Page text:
A Main Street business shows its new hours cut back due to COVID-19 in Whitehorse on March 31. The Arctic Winter Games, scheduled to happen in Whitehorse March 15 to 21, was the first of the territory’s major events to cancel due to concerns over the spread of the coronavirus. (Crystal Schick/Yukon News file)

Over $9 million of economic activity projected for cancelled AWG

Up to 2,000 athletes and 900 visitors were expected

A new assessment has revealed the economic loss caused by the cancellation of the 2020 Arctic Winter Games (AWG).

The AWG host society, the Canadian Sport Tourism Alliance (CSTA) and the Yukon’s Department of Economic Development worked together to produce the economic impact assessment.

Up to $1.4 million was linked to “direct visitor spending.” The games were expecting 1,953 competitors as well as 900 visitors. Up to 32 local jobs were projected to be created with an estimated $9.96-million worth of economic activity in the Yukon, $9.19 million of it in Whitehorse specifically.

There was supposed to be $3.2 million worth of salaries. The 900 visitors were projected to spend an estimated $1.47 million.

The event itself was to have an impact on the country’s, territory’s and city’s gross domestic product. Canada was to see $6.1 million, $5.7 million for the Yukon and $4.4 million for Whitehorse.

The games were projected to generate $1.3 million in taxes across the country.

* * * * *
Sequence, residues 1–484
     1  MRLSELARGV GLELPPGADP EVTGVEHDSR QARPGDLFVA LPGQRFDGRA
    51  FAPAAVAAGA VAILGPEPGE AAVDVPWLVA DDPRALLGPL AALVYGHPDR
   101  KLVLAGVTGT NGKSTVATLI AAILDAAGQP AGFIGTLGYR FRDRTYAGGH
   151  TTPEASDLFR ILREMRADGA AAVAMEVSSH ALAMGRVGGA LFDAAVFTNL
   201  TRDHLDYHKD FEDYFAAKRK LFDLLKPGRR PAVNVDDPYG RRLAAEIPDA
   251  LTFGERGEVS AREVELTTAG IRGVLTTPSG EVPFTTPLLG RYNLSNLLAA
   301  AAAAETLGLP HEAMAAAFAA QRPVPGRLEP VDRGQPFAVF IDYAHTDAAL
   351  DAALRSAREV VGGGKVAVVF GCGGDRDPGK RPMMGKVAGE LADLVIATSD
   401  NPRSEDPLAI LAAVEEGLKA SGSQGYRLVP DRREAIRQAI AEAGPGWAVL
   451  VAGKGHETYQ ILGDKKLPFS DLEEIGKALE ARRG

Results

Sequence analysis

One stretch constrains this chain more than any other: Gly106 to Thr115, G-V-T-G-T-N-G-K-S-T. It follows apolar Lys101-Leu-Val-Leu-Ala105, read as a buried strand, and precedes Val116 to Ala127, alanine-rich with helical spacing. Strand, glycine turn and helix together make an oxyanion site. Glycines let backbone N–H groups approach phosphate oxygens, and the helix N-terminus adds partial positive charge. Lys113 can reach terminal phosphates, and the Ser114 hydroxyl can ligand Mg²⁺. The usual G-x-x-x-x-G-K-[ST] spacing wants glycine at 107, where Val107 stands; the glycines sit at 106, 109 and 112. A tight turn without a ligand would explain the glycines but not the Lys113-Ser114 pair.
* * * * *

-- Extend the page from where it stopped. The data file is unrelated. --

These numbers were reached using the CSTA’s impact modelling tools.

Moira Lassen, the AWG general manager, said this is the first time an assessment like this has been done for an Arctic Winter Games that was cancelled. She explained there had to be a pivot from how assessments were previously done, since they usually are done for events taking place.

She was surprised to see the projection of 900 visitors.

“That number was a pleasant surprise,” Lassen said.

She explained that 900 would have brought $1.4 million in spending, which would have covered meals, lodging and any other shopping.

She said the impacts went well beyond what was estimated following the cancellation.

“I think there was more impact than we anticipated,” Lassen said.

She said that it would be apples-to-oranges to compare these projected numbers to previous years, where the games actually took place.

She pointed out that this year’s games were the first international multi-sporting event that was cancelled due to the COVID-19 pandemic.

She clarified the assessment is not the financial outlook for the host society; the finances for the society are being wrapped up.

“We (the society) feel we are doing well,” Lassen said.

The games were set to kick off on March 15 but were cancelled due to the COVID-19 pandemic on the recommendations of the Yukon’s Chief Medical Officer of Health.

Contact Gord Fortin at gord.fortin@yukon-news.com

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